Sensei Dietmar Schmidt discussed and demonstrated techniques for increasing the power of strikes. This involved starting with a relaxed open hand that only closed and tensed at the moment of impact. It could be felt that these strikes seemed very fast and probably would deliver a lot of power but in the basic form were seriously ‘telegraphed’ so the concept would need significant refining and shortening to be really effective in real combat.

Sensei Sarantis Theodosiu showed his ideas on shuto yoko gamen uchi which followed on from Sensei Dietmar’s loose to tense strike with body movement down and hand rising amplifying the force of the strike at the point of impact. Again in the basic form rather ‘telegraphed’ but with possibilities. There was a look at a revised form of kansetsu geri which I personally could not get the hang of. This form of the kick seemed fast but also to impact on the rising movement and in an oblique manner. Maybe it was just me but I could not get it. Lastly Sensei showed escape techniques from a grab from behind. A sideways step then pushing the attacker over the leg was very similar to techniques that I have encountered in Aikido and Jujutsu but in this case the attack included what I know as a full nelson grab and neck injury could result if the grab was fully engaged before the escape was made so escape must be made quickly.

Sensei Stefan Reindl discussed real case conflict situations and how to avoid unfortunate repercussions. The concept of minimal action then to escape and the idea of drawing attention to a potential conflict to gain witnesses for the full situation. Training at low speed with full contact, medium speed with light contact and full speed with no contact to get a feel for techniques without injuring partners in the dojo.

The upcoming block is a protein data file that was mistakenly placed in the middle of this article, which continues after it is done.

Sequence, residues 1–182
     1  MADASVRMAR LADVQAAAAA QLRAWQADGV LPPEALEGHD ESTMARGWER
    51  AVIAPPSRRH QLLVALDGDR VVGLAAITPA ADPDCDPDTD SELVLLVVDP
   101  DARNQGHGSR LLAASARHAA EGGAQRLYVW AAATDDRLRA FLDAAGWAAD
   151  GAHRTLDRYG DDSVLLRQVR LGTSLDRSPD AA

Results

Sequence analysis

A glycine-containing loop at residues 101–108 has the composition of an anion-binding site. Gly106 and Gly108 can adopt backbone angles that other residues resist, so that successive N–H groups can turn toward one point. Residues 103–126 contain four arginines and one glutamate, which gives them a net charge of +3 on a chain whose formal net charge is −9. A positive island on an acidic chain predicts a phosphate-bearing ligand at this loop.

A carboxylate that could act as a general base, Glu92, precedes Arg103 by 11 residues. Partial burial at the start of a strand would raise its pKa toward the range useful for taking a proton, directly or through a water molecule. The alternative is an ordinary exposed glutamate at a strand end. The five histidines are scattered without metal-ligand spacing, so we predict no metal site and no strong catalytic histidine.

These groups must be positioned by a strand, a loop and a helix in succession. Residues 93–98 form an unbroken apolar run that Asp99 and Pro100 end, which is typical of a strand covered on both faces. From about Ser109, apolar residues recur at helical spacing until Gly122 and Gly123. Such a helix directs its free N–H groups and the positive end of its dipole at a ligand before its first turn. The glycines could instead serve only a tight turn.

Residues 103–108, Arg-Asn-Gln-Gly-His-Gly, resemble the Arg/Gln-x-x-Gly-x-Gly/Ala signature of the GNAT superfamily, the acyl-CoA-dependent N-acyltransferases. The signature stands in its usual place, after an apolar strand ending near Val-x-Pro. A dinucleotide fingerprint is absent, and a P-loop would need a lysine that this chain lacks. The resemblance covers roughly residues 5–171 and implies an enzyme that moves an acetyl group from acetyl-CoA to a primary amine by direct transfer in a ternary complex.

Sensei Marek Mroszczyk gave us more leg kicks and take downs with hold down to follow.

The two days of training were a chance for different styles and nationalities in the organization to get together and experience each other’s approach. It has to be said that it can be seen that some groups have a more practical combat approach while others are more suited to a competition or sports training style. Was the seminar enjoyable and worth the effort of travelling to attend? Yes. The training and social aspect of the weekend made it worth attending. The facilities in the modern sports centre were excellent.”

Robin Kibler.

Mobility vs Flexibility

In teaching Karate I see a lot of students struggle with kicking, moving and standing in stances.


Neko Ashi Dachi

Whenever I discuss this with people they say that it is due to a lack of flexibility.  Most of them focus their efforts on improving their flexibility.  So they stretch and stretch, but without the desired progress.  This is often because they have forgotten about mobility.  Only through both increased flexibility and mobility can we improve our range of motion, but we cannot do one without the other.



This article will focus on exercises for improving mobility in the ankles and hips with detailed descriptions of the movements that I use as a part of my corrective exercises, which I teach as a personal trainer and therapist (www.lbposture.com).

Flexibility and Mobility

Our ability to move within our range of motion is determined by the physical structures of our body.  These structures are the tissues that surround our joints, which allow specific movements.  The muscles have to stretch and relax to some degree to allow movement.  This has to be accompanied with the ability to use and activate appropriate muscles at the right time and in the right order to adopt a correct position.  Different muscles have different jobs to do within the motion of a joint.  Some will drive the movement, others will assist or stabilise and whilst others will stop the movement once the joint has reached its end of range of motion.

We can see that flexibility is a highly dynamic action that will require a series of coordinated and sequenced muscular responses.  It is about being sufficiently mobile, that is “having freedom of movement”(Collins Dictionary), which needs stability to control the movement of that joint.  Increasing the static flexibility of muscles will not see an improvement in these qualities/abilities.

 “Joint Integrity must never be compromised for range of motion. The goal of flexibility training is to functionally lengthen and strengthen.” (Vern Gambetta)

For a joint to have a high level of mobility it must have a high level of stability to control the movement within its limits.  If the joint has weakness within its range of motion then the body will limit that range of motion with other structures in order to protect itself.